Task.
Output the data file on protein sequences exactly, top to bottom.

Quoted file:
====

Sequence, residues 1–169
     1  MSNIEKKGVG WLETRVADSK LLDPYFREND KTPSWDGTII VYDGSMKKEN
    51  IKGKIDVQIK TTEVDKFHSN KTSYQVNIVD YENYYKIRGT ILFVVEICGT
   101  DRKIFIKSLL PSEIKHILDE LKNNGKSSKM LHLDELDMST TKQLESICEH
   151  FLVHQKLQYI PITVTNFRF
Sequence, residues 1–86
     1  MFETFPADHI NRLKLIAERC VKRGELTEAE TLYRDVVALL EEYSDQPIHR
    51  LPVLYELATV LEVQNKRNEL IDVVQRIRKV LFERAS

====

Sequence, residues 1–169
     1  MSNIEKKGVG WLETRVADSK LLDPYFREND KTPSWDGTII VYDGSMKKEN
    51  IKGKIDVQIK TTEVDKFHSN KTSYQVNIVD YENYYKIRGT ILFVVEICGT
   101  DRKIFIKSLL PSEIKHILDE LKNNGKSSKM LHLDELDMST TKQLESICEH
   151  FLVHQKLQYI PITVTNFRF
Sequence, residues 1–86
     1  MFETFPADHI NRLKLIAERC VKRGELTEAE TLYRDVVALL EEYSDQPIHR
    51  LPVLYELATV LEVQNKRNEL IDVVQRIRKV LFERAS